Angry Brigade in the (UK) Guardian

The Angry Brigade: A History of Britain’s First Urban Guerilla Group

Et cetera: Steven Poole’s non-fiction choice:

The Angry Brigade, by Gordon Carr
by Steven Poole
The Guardian
September 18th, 2010

This fascinating history of “Britain’s first urban guerrilla group” (who fought for the people while stealing their chequebooks) begins with the 1971 bombing of the house of the employment minister, Robert Carr, and then works back to the évènements of May 1968, and forwards through the complex police investigation by the newly formed “Bomb Squad”, and then the lengthy and sensational 1972 trial of the “Stoke Newington 8”, in whose flat had been found explosives, guns and the equipment used to issue the brigade’s sub-Debordian public statements. Gordon Carr’s narrative is scrupulous and suspenseful.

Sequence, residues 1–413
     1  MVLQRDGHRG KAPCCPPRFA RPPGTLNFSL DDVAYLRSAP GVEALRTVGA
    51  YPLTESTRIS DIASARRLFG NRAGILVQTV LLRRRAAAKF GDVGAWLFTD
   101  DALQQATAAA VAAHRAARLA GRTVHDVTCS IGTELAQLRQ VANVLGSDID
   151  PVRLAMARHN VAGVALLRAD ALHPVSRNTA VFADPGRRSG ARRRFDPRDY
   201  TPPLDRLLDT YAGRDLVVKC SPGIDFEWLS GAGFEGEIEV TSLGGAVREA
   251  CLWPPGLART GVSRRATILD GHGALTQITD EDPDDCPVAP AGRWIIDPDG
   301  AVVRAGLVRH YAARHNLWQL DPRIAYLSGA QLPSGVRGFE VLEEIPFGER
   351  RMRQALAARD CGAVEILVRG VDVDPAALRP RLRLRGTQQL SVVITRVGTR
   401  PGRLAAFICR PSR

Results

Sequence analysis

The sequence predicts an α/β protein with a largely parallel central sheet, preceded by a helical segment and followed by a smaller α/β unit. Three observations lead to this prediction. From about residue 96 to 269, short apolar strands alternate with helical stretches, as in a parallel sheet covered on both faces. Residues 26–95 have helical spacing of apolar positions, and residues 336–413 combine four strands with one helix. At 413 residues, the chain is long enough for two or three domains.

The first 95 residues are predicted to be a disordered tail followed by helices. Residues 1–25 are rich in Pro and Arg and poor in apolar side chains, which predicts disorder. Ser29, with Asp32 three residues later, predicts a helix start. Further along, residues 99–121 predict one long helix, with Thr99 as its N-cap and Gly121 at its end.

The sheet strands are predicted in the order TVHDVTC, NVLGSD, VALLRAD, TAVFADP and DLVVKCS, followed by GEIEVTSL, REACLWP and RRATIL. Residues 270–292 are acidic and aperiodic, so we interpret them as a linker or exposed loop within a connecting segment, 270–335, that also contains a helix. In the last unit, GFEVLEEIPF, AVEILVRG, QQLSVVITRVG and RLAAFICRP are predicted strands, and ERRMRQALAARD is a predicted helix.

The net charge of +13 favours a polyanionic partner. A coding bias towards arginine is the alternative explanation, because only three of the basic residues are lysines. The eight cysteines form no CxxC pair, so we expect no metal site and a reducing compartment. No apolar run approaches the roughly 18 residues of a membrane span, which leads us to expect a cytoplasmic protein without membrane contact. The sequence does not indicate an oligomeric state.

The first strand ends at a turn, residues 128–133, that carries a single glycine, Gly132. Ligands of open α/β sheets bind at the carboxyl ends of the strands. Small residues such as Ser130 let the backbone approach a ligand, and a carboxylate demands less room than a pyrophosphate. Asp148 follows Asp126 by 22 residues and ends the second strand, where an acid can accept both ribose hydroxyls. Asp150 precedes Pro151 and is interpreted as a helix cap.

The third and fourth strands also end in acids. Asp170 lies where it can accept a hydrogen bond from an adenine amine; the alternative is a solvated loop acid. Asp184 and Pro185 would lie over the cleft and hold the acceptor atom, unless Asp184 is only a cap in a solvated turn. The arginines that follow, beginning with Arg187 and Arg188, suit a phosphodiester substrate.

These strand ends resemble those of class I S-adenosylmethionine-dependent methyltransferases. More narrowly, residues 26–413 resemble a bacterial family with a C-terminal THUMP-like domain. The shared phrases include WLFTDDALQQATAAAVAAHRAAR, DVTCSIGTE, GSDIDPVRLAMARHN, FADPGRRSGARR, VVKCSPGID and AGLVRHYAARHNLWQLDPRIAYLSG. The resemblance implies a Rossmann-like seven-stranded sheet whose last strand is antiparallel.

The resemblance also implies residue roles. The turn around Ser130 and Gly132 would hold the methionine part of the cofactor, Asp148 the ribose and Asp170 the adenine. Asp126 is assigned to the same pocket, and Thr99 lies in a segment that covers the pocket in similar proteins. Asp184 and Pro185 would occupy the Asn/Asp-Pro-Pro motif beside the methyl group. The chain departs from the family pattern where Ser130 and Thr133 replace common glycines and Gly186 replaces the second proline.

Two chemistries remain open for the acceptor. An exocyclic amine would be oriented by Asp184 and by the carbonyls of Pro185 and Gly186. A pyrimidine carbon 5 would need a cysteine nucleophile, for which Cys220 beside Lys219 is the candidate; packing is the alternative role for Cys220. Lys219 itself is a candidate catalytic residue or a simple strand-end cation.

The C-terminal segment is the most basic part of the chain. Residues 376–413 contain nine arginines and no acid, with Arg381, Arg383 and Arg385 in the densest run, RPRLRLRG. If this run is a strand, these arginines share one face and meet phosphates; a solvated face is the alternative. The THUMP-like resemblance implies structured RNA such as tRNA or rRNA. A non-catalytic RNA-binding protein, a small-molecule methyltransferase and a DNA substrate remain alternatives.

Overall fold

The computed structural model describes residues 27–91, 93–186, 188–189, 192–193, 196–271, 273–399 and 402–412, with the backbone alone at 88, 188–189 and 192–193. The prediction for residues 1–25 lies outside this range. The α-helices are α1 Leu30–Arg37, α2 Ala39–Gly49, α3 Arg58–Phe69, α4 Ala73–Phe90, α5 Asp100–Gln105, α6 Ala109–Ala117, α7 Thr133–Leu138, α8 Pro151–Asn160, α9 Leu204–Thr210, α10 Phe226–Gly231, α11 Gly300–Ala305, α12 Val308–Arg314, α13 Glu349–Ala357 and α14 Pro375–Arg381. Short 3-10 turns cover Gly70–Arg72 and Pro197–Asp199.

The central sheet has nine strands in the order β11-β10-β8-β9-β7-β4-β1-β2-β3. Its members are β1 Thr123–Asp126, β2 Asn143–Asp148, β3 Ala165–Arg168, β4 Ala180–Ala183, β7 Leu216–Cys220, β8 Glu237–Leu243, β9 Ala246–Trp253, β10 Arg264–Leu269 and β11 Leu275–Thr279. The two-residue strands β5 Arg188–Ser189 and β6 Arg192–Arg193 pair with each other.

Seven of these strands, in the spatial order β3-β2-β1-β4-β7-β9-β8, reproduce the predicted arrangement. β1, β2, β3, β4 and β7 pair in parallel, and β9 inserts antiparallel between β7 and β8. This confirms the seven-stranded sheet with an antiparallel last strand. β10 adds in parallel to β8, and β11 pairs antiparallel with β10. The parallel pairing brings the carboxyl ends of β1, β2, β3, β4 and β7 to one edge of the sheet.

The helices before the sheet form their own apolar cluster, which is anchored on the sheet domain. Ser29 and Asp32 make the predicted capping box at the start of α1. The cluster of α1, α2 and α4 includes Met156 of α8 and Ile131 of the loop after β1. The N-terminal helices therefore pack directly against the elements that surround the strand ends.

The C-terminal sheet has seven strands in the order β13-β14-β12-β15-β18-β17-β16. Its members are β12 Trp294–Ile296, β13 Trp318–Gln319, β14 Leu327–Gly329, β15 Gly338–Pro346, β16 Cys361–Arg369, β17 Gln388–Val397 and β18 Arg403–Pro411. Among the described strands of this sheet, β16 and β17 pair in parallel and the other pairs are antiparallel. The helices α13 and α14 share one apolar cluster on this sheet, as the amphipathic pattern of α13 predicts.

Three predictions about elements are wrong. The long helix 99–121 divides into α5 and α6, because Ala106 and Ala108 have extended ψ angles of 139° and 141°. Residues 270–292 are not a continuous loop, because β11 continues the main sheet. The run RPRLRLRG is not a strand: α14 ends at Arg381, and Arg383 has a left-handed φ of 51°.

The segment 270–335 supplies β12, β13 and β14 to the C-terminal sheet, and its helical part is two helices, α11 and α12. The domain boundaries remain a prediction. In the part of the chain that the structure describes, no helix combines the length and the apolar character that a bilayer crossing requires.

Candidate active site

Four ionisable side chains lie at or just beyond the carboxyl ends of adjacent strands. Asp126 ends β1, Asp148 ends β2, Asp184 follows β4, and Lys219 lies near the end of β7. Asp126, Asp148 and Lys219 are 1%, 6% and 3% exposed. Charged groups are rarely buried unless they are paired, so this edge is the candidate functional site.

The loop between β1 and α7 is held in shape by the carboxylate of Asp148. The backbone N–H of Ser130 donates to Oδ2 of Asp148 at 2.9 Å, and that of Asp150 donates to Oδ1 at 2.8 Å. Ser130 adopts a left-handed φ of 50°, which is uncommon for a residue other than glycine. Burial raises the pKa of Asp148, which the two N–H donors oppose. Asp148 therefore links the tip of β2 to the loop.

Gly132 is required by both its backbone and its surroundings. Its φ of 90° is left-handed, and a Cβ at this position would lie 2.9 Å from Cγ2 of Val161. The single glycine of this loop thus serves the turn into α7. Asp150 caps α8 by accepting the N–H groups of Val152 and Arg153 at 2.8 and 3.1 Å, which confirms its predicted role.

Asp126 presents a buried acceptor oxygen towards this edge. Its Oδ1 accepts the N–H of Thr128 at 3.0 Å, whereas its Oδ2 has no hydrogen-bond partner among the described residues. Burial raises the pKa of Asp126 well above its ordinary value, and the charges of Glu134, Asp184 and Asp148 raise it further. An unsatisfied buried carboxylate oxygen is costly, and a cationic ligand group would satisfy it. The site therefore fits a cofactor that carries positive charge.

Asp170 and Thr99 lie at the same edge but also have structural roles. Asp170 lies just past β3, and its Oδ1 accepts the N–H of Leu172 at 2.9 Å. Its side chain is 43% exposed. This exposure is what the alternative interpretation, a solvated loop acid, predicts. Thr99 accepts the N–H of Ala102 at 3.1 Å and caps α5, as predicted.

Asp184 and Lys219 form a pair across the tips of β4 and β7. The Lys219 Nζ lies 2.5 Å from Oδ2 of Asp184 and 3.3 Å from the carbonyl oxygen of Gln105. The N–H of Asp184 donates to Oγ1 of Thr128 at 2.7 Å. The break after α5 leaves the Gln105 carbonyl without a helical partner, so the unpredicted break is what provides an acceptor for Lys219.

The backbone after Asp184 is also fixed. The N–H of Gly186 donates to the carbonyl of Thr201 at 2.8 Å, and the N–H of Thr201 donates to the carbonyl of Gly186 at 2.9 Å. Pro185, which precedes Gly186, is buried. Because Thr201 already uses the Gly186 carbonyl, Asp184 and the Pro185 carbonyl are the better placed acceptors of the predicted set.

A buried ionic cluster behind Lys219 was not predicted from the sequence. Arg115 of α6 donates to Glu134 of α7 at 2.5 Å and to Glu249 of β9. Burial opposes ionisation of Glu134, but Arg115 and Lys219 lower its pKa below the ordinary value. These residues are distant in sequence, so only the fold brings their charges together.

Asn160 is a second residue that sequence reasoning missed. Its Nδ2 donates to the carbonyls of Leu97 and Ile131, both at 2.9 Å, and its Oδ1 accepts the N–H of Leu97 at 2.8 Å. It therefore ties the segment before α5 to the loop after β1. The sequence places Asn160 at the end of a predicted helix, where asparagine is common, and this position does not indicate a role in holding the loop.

We also hear from one of the convicted, John Barker, proud of recent demonstrations against arms dealers (“[we] had the nous to do it without the melodrama of dynamite”; exactly what tune dynamite normally plays is left unclear), and one of the acquitted, Stuart Christie (“to engage in remote violence without taking full personal responsibility is reminiscent of the state itself”). A policeman offers a sober opinion about the inspirational power of French theory: “I didn’t think Situationism was the driving force behind the Angry Brigade. It was a style that helped Barker write communiqués.”

Back to Gordon Carr’s Author Page